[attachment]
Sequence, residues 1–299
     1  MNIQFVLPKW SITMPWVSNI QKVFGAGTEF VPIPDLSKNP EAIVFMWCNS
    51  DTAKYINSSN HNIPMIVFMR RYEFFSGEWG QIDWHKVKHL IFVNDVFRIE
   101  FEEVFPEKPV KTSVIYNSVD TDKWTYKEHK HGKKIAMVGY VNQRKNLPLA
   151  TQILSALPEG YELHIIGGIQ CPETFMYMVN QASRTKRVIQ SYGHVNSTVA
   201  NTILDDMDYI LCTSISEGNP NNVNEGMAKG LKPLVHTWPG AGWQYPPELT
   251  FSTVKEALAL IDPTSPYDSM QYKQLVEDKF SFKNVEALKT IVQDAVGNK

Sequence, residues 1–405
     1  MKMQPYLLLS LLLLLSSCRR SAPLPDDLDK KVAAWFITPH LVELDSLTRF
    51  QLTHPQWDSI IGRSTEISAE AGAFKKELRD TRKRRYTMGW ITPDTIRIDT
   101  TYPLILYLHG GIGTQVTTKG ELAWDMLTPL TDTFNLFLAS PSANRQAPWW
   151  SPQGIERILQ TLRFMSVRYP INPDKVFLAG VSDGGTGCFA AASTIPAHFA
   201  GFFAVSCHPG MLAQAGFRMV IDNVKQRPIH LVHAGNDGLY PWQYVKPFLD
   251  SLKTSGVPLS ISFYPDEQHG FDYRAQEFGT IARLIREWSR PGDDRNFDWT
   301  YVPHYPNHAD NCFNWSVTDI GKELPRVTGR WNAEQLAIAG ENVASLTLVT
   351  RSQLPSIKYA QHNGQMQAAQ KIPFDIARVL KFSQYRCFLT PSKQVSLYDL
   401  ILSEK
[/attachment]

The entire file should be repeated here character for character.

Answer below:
Sequence, residues 1–299
     1  MNIQFVLPKW SITMPWVSNI QKVFGAGTEF VPIPDLSKNP EAIVFMWCNS
    51  DTAKYINSSN HNIPMIVFMR RYEFFSGEWG QIDWHKVKHL IFVNDVFRIE
   101  FEEVFPEKPV KTSVIYNSVD TDKWTYKEHK HGKKIAMVGY VNQRKNLPLA
   151  TQILSALPEG YELHIIGGIQ CPETFMYMVN QASRTKRVIQ SYGHVNSTVA
   201  NTILDDMDYI LCTSISEGNP NNVNEGMAKG LKPLVHTWPG AGWQYPPELT
   251  FSTVKEALAL IDPTSPYDSM QYKQLVEDKF SFKNVEALKT IVQDAVGNK

Sequence, residues 1–405
     1  MKMQPYLLLS LLLLLSSCRR SAPLPDDLDK KVAAWFITPH LVELDSLTRF
    51  QLTHPQWDSI IGRSTEISAE AGAFKKELRD TRKRRYTMGW ITPDTIRIDT
   101  TYPLILYLHG GIGTQVTTKG ELAWDMLTPL TDTFNLFLAS PSANRQAPWW
   151  SPQGIERILQ TLRFMSVRYP INPDKVFLAG VSDGGTGCFA AASTIPAHFA
   201  GFFAVSCHPG MLAQAGFRMV IDNVKQRPIH LVHAGNDGLY PWQYVKPFLD
   251  SLKTSGVPLS ISFYPDEQHG FDYRAQEFGT IARLIREWSR PGDDRNFDWT
   301  YVPHYPNHAD NCFNWSVTDI GKELPRVTGR WNAEQLAIAG ENVASLTLVT
   351  RSQLPSIKYA QHNGQMQAAQ KIPFDIARVL KFSQYRCFLT PSKQVSLYDL
   401  ILSEK